the schools to reopen, some even before the end of 2005, because no state
education money was forthcoming. Hurricane Katrina hit shortly before the annual
student count day, on which funding is determined.
"No kids, no money," says Lourdes Moran, a New Orleans Public
Schools board of education member.
Moran and others helped push for the approval of six charter
schools in what is now called the Algiers Charter Association, a group of
schools in the Algiers area of New Orleans on the west bank of the Mississippi
River, across from the French Quarter.
A New School Year
When the 2005-2006 school year began, New Orleans had roughly
60,000 students in public schools. The school year ended with about 12,000, and
demographers estimate schools could see as many as 34,000 students enrolled by
Jan. 1, 2007.
Compare that to independent schools. Before Katrina hit, some 40
percent of New Orleans-area students attended private and parochial schools. By
the end of January almost 80 percent of students in the Archdiocese of New
Orleans had returned to classes. This was possible because the archdiocese
covers a large geographic region, including areas outside of the damage area.
Students were able to attend other schools in the archdiocese, as well as those
in Baton Rouge, about an hour from New Orleans. Within the greater New Orleans
area, the archdiocese was able to reopen 25 of 28 schools in the months
following Katrina. Another 200 private schools have not reopened, and contact
with the administrators from those schools has been difficult.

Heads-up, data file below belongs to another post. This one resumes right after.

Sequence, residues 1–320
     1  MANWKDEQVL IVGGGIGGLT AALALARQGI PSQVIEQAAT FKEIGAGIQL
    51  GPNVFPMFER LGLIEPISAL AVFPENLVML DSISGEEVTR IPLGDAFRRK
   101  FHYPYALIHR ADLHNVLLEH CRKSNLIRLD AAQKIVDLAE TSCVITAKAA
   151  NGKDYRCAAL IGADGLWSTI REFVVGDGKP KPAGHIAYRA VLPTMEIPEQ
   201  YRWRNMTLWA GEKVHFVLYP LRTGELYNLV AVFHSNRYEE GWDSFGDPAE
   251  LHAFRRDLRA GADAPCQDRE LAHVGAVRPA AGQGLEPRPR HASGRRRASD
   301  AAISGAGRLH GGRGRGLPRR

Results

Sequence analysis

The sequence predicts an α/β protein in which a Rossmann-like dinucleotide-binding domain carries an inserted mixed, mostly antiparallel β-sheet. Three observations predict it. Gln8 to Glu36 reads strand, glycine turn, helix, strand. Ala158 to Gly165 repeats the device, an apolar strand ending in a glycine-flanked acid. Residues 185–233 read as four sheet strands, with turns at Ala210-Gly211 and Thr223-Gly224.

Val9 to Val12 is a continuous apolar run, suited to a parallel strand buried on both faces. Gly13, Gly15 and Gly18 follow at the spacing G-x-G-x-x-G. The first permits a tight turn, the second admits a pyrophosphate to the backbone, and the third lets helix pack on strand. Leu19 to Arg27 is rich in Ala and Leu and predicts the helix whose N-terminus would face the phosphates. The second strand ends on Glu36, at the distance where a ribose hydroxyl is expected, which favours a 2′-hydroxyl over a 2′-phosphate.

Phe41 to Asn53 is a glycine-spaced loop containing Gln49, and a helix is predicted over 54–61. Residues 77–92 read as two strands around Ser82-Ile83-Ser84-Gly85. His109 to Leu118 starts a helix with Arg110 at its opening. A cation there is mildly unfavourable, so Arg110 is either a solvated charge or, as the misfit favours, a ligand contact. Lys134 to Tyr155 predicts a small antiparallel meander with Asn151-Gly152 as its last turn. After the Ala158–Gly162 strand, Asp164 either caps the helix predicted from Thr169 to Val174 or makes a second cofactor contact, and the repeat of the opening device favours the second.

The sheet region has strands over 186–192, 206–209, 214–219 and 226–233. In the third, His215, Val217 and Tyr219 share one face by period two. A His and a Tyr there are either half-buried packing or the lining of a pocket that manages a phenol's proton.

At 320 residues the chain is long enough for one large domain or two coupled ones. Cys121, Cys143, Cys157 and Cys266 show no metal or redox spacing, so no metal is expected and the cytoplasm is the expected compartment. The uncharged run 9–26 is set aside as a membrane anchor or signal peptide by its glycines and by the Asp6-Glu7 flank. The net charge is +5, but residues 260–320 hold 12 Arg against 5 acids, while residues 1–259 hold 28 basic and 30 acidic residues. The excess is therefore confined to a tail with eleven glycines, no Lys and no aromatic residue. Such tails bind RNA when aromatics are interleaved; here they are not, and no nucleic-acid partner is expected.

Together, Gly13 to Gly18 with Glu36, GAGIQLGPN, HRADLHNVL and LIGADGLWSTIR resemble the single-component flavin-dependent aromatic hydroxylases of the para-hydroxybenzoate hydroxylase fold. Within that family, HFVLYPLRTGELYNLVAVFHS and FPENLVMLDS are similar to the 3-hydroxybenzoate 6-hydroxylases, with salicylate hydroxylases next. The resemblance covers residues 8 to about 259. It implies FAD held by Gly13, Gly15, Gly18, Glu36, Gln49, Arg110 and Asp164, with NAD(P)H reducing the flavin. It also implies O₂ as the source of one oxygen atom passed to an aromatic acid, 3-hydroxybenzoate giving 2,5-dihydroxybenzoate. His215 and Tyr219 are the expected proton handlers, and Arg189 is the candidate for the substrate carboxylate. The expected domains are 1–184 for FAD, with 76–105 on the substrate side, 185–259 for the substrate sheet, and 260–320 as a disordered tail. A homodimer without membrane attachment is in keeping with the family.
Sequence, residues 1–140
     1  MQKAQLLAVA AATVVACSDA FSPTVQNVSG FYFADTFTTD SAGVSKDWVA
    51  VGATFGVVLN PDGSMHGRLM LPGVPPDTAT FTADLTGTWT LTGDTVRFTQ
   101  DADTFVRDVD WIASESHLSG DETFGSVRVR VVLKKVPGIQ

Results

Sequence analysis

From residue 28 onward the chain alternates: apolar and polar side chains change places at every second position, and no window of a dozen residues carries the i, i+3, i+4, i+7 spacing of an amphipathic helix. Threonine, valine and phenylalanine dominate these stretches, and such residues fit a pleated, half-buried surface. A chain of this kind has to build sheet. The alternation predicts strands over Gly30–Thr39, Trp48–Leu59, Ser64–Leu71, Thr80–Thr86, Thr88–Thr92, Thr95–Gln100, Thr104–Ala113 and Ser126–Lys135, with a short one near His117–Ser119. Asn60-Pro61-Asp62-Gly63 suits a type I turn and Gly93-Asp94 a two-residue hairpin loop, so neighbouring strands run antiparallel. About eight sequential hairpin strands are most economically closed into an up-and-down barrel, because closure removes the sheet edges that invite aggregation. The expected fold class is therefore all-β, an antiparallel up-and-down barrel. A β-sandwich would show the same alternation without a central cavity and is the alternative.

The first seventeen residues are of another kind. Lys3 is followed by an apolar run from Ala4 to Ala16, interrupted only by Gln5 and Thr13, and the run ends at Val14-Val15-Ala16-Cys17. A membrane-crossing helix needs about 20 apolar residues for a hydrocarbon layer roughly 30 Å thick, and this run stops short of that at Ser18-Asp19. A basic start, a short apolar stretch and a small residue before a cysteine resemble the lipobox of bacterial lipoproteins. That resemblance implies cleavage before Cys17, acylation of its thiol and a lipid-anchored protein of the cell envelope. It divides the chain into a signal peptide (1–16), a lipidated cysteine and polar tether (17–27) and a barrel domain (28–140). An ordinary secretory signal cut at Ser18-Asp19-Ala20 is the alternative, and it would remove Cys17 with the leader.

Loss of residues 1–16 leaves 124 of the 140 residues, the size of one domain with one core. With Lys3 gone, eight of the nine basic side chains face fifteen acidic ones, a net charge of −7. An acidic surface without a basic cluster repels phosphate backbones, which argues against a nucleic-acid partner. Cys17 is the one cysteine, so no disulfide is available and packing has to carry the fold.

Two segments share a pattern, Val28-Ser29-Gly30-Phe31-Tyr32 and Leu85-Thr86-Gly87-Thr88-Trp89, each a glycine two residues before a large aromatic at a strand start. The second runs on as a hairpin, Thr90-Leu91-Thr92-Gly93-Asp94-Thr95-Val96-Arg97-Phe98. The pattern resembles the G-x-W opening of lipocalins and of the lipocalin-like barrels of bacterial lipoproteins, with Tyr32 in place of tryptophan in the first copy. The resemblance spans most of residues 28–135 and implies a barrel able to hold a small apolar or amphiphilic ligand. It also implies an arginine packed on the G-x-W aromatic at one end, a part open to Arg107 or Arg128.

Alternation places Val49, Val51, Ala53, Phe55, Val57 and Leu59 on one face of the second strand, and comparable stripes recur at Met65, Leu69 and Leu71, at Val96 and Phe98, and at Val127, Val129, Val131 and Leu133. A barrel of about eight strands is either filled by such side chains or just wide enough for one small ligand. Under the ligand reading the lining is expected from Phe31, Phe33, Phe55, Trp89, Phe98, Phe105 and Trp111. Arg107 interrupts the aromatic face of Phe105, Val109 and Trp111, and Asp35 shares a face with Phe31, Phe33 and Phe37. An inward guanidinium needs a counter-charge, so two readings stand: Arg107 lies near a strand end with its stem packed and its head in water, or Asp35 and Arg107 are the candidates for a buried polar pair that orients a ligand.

"There were quite a few smaller, independent schools, and we
just have no way to locate the people," Jarvis said. "We haven’t heard from
Jarvis said the future of public schools in New Orleans, be it
charters or conventional, will be different.
"We are going to recreate a school district that serves all
children," Jarvis said.
In the past, the city had what Jarvis called a "dual" system,
with a number of magnet schools taking in the cream of the crop based on
selective admissions standards. Because of legislative changes, the city will
operate under methods much like what Michigan public schools have, with limited
open enrollment and per-pupil funding that follows the student.
Questions remain, however, about how many people will return to
the city, which schools should be rebuilt, and where new schools should be
"We’ve heard from a lot of people who moved and they say their
kids are enrolled in such and such a district and they’re getting a better
education," Jarvis said. "We need to focus more on student achievement."
Jarvis said it will be difficult to determine where to build new
schools because it hasn’t been determined where people will live. The 9th Ward,
for example, was considered a low-income area, but had a high percentage of home ownership and many life-long residents. It’s proximity to the levee system means FEMA has designated it a Zone One area, where structures will have to be
elevated by an as-yet-undetermined height.
"It’s a real balancing act," Jarvis said. "We don’t want to
spend money to build schools no one will use in the long run, but at the same
time we don’t want to hinder people’s ability to come back and rebuild by not
Part of the long-range plan for the RSD and other education
providers in New Orleans is community involvement.
"We held a series of public forums in the spring and we kept
hearing that in the past, people hadn’t felt welcome in the schools," Jarvis
said. "We’re trying to create a new image and be up front about the problems
we’re facing. We are asking the community to help."
After hearing input from community members, some changes were
made immediately. One charter school, for example, offers classes from 4-9 p.m.,
so that with jobs can work during the day and contribute to the financial needs
of their families. Another charter school, set to open this fall, will focus on
architecture and construction management.
"Won’t that be a great thing for this city in the long run,"
Ted O’Neil, managing editor of Michigan Education Report,
attended the Education Writers Association annual conference, held June 1-4 in